The COVID-19 pandemic and heightened concerns about climate change, racial injustice, and income inequality have injected fresh urgency into the need for more sustainable investing. The pandemic’s devastating effects have laid bare how health and economic crises disproportionately affect families living in poverty, no matter where they live around the globe. More recently the conflict in Ukraine has highlighted how complex the decisions around investments, as well as around divestments, in countries violating international law can be. What are the consequences for a population if massive investments flow into a country that may violate human rights? But also what will happen to a population when divestment touches access to food and essential goods? This makes the case for integrating human rights into impact investing, particularly if investors want to ensure they’re truly using their money for good.
Results-based management and a narrative of change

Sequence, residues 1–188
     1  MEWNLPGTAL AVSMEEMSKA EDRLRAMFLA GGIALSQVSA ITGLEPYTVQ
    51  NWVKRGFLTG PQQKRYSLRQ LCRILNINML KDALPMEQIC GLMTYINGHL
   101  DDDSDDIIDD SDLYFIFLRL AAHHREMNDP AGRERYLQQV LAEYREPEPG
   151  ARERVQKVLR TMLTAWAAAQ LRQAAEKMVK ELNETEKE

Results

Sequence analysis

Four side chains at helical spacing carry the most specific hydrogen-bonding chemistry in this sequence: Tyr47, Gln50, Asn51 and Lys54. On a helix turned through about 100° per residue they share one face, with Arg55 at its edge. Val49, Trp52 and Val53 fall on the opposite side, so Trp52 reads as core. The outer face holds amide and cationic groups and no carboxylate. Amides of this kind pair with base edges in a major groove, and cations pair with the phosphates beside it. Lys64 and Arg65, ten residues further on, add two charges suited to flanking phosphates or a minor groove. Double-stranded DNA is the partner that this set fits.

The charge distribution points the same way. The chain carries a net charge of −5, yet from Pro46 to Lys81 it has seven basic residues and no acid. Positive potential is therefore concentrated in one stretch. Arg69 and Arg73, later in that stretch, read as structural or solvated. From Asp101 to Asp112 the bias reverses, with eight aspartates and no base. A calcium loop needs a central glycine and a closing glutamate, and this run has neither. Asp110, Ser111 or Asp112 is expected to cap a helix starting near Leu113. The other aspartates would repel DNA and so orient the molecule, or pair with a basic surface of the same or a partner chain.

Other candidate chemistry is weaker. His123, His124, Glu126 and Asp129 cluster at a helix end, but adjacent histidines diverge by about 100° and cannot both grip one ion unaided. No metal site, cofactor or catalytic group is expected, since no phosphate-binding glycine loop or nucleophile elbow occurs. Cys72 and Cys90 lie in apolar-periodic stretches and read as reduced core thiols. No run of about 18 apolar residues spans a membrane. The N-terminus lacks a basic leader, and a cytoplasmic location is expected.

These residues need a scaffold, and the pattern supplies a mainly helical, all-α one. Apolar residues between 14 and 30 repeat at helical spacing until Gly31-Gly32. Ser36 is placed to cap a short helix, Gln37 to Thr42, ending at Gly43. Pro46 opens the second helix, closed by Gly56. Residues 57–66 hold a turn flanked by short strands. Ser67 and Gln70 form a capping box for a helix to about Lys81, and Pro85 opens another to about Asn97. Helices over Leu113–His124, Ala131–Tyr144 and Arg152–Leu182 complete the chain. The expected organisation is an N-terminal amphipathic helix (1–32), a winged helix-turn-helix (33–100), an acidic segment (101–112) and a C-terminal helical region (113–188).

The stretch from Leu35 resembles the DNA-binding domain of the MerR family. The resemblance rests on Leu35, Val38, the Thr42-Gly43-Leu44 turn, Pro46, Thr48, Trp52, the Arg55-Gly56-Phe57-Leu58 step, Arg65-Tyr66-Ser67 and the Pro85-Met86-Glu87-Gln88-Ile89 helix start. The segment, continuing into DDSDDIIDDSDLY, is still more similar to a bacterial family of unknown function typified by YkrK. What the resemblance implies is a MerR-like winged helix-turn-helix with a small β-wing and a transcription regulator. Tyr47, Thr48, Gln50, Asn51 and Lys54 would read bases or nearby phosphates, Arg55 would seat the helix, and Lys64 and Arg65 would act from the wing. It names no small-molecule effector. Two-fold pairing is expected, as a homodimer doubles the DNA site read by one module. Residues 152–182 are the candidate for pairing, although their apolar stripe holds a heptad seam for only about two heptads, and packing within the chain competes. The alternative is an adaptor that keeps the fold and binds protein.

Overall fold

The idea of sustainability-focused enterprises is that they are built themselves, help build societies, and take on these challenges. They seek to advance solutions to poverty, equity, justice, and climate change – in theory – and if prioritised and well guided, in practice – they address the gap between the increasingly crucial SDGs and current investments. It is a question to ponder: why is it that ESG investments are increasing as well as the amount needed to reach the SDGs? If the former really had an impact, the latter ought to decrease. The SDGs have not changed, but the focus on ‘sustainable’ investing has. And not all sustainable investments are necessarily supported by a framework – e.g. results-based management – around a narrative of change which is necessary for any sustainable development initiative.